- In "Breaking Point", Andrew McLaren travels two days forward in time and back again. He begins to experience nosebleeds and severe jolts of pain and his behavior becomes highly erratic.
- In Seven Days, Frank Parker is the only living chrononaut; his survival is attributed to his unusually high tolerance for pain.
- In Sisyphus: The Myth, time-travelers are 'unstable' when they first arrive in the past for a few days/weeks. In some cases, they never stabilize and might phase out of existence completely. Moreover, there is a drug that can amplify the effects of this instability to torture and/or kill time-travelers.
- In Star Trek: Discovery, the only one to experience negative side effects after the ship's jump 930 years into the future is Georgiou. When Culber consults Kovich, the strange bespectacled guy at Starfleet Headquarters, he explains that it's a result of time travel coupled with dimensional travel. Since Georgiou is originally from the Mirror Universe, which has diverged from the Prime universe in the intervening centuries, Georgiou's atoms keep alternatively pulling her back in time and across dimensions. Kovich demonstrates the hologram of another such victim, who seems to have crossed over from the Kelvin timeline as well as the past.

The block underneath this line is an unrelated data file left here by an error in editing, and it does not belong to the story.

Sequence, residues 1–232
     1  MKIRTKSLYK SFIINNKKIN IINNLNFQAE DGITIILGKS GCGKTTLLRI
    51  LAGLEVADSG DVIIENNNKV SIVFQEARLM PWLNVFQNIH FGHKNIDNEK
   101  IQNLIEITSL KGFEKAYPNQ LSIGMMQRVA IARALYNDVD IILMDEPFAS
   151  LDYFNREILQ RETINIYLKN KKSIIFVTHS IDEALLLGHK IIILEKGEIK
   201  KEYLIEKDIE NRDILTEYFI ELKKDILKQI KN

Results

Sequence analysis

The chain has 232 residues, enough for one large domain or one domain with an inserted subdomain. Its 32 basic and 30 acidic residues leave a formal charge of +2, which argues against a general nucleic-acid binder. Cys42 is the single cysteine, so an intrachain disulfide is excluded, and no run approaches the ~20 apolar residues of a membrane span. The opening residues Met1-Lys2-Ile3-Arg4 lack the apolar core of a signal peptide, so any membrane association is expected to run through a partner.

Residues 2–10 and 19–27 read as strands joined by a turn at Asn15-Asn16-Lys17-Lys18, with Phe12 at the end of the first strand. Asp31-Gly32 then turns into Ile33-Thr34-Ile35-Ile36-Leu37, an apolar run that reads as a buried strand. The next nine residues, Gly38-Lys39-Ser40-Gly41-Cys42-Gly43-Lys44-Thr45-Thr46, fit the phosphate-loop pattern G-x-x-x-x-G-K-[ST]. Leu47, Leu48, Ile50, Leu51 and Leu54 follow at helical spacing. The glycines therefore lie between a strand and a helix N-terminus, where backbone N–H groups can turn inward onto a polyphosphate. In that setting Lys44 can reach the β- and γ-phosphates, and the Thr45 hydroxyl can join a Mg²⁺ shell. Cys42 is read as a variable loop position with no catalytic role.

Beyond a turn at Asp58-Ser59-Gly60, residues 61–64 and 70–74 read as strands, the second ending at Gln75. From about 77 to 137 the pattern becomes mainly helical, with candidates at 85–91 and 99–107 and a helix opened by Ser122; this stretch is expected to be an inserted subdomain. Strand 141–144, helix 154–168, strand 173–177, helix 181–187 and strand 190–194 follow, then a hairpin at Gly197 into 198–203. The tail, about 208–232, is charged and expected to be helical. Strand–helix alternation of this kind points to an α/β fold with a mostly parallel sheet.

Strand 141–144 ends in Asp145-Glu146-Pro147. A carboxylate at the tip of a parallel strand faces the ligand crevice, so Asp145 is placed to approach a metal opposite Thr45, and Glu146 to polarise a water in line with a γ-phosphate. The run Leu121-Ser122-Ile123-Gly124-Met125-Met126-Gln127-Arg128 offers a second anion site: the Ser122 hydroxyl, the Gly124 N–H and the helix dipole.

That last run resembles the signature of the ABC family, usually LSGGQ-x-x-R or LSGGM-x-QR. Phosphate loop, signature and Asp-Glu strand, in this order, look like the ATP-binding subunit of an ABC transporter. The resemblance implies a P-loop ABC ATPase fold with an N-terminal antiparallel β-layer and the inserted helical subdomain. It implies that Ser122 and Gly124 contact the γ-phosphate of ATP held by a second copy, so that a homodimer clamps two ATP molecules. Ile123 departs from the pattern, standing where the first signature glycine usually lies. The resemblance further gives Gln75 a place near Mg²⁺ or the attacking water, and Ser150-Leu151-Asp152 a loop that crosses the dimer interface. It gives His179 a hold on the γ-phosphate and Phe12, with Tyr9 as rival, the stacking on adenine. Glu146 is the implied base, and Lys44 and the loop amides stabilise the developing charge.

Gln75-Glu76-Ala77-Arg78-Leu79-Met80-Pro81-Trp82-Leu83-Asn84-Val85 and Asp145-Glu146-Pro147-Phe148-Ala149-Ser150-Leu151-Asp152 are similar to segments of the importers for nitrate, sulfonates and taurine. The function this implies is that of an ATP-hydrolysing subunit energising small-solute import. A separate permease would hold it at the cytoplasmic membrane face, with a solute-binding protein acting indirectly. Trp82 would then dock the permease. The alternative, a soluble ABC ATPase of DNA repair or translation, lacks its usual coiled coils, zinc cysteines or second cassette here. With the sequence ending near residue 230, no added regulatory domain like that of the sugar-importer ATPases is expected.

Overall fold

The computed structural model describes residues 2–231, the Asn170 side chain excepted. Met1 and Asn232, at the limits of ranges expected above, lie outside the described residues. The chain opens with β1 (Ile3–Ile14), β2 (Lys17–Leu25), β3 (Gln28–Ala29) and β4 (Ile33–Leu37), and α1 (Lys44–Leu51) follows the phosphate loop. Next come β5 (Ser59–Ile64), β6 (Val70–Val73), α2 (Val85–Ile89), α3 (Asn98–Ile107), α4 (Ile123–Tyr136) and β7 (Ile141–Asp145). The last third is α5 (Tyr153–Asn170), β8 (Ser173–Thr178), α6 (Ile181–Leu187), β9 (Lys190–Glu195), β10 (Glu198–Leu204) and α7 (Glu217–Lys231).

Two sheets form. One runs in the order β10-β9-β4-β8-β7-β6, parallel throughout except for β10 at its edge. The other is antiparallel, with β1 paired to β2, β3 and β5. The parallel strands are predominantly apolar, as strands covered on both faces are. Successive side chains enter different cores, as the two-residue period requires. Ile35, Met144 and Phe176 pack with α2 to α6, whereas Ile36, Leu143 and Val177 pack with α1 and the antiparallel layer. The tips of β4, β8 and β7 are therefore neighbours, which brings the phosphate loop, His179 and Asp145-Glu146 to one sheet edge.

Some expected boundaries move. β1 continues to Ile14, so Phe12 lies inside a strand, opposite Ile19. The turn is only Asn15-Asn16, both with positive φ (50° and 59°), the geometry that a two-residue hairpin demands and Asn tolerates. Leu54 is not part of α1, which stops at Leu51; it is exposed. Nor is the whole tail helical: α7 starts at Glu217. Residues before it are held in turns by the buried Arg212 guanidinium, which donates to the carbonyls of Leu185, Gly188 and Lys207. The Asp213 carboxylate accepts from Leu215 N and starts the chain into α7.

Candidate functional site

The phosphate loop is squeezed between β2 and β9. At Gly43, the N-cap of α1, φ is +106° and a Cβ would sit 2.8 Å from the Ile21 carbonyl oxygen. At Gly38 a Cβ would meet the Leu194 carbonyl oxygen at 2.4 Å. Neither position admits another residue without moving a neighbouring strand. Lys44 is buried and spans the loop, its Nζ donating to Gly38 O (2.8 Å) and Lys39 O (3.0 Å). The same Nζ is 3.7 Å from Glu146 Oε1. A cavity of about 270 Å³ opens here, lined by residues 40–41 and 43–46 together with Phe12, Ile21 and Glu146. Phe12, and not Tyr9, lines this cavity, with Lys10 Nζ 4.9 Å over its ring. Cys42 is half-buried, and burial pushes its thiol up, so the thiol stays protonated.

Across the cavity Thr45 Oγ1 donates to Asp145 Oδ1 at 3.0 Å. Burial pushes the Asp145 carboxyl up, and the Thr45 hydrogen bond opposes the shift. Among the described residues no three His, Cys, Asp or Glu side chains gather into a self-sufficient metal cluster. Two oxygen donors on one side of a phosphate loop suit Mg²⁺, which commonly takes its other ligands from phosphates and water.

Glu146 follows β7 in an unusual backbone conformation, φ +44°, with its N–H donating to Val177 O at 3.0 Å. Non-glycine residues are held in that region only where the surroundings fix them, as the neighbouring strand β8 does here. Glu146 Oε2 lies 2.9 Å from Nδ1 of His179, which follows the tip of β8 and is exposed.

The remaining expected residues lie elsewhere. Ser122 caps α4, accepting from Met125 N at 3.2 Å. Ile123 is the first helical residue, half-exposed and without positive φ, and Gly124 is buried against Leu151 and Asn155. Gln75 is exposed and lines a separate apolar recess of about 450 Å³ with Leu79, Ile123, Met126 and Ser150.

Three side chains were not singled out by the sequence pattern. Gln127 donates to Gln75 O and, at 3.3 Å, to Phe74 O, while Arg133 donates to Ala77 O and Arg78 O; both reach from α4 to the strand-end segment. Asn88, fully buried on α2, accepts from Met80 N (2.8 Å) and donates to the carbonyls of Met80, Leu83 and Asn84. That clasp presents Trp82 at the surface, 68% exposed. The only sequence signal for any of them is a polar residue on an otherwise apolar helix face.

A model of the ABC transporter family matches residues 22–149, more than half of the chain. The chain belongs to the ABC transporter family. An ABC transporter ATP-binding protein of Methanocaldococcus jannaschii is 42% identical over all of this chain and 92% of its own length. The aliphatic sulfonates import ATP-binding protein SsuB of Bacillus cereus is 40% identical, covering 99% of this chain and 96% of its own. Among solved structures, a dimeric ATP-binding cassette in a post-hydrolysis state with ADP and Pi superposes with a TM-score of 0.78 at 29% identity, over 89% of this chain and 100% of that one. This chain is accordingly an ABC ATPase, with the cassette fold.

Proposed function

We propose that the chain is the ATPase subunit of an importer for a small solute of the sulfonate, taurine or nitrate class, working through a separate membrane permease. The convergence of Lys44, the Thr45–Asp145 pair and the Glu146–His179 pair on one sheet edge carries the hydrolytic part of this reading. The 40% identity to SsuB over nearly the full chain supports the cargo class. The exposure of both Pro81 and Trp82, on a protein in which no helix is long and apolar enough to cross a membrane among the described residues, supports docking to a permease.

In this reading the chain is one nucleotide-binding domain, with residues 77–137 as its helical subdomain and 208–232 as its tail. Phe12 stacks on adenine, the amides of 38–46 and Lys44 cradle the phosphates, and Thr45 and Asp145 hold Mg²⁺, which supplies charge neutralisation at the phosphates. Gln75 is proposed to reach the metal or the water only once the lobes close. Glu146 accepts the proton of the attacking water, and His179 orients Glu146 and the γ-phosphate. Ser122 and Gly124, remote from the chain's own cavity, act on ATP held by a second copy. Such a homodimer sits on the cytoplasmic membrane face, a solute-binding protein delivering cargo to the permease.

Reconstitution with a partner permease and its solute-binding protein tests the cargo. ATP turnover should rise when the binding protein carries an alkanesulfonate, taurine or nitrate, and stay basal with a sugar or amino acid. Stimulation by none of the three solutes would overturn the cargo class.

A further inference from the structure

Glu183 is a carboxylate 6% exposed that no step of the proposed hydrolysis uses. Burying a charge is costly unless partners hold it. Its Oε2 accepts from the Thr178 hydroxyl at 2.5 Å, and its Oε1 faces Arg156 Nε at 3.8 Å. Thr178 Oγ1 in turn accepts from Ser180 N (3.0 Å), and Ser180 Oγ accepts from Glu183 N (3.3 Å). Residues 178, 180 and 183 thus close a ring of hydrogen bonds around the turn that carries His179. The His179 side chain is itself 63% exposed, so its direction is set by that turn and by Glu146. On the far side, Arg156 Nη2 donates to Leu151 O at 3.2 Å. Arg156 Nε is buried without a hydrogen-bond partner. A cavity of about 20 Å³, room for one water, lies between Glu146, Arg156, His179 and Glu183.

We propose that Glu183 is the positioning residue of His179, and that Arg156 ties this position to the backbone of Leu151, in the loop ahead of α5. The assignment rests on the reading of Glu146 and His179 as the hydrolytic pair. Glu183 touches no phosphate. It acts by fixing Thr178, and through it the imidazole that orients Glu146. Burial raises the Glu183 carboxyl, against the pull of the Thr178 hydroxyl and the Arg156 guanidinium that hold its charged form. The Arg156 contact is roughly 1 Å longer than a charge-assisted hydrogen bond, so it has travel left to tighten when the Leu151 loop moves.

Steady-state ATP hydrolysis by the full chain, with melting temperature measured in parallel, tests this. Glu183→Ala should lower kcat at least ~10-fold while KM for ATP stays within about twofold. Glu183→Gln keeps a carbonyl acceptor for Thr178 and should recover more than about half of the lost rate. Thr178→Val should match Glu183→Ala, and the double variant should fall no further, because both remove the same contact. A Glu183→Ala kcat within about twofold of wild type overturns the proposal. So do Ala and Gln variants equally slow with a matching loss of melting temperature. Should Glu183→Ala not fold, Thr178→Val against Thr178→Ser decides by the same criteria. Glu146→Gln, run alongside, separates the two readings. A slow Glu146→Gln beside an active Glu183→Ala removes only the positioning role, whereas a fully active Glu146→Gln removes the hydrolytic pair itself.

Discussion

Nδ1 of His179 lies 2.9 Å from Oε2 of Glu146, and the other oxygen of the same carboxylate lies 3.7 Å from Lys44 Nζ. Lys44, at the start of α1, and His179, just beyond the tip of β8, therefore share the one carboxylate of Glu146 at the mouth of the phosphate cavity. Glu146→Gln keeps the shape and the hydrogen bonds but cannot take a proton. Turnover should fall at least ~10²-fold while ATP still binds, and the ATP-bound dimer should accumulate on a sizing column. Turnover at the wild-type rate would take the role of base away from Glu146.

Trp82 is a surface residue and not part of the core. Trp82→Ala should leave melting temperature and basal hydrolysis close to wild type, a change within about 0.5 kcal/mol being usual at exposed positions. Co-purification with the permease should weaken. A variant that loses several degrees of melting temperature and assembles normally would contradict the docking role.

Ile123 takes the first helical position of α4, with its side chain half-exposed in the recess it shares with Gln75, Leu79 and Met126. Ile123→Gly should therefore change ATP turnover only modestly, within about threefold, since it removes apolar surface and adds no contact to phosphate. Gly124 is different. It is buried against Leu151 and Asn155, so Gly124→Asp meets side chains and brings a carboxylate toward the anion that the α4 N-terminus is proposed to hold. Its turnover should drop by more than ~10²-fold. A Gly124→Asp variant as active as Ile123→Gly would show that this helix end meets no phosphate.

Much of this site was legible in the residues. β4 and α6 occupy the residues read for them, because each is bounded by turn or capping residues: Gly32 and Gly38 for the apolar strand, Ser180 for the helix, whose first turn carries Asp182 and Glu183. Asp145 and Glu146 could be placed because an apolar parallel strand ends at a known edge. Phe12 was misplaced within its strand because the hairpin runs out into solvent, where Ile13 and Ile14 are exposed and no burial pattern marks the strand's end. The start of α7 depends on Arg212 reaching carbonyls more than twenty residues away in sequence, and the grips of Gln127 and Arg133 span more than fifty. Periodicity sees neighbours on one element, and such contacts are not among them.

- In the Star Trek: Voyager episode "Relativity", repeated use of time travel causes the user to become progressively ill, to the point of being fatal in certain circumstances. One version of Seven is killed this way, forcing the agents to recruit a past!Seven to fill the gap.
- In an interesting version in the episode "Blink of an Eye", there is a planet Voyager is orbiting that rotates approximately 83,000 times faster than Earth. When two astronauts from the planet visit Voyager, they are severely sickened by the differential between the passage of time. One doesn't make it.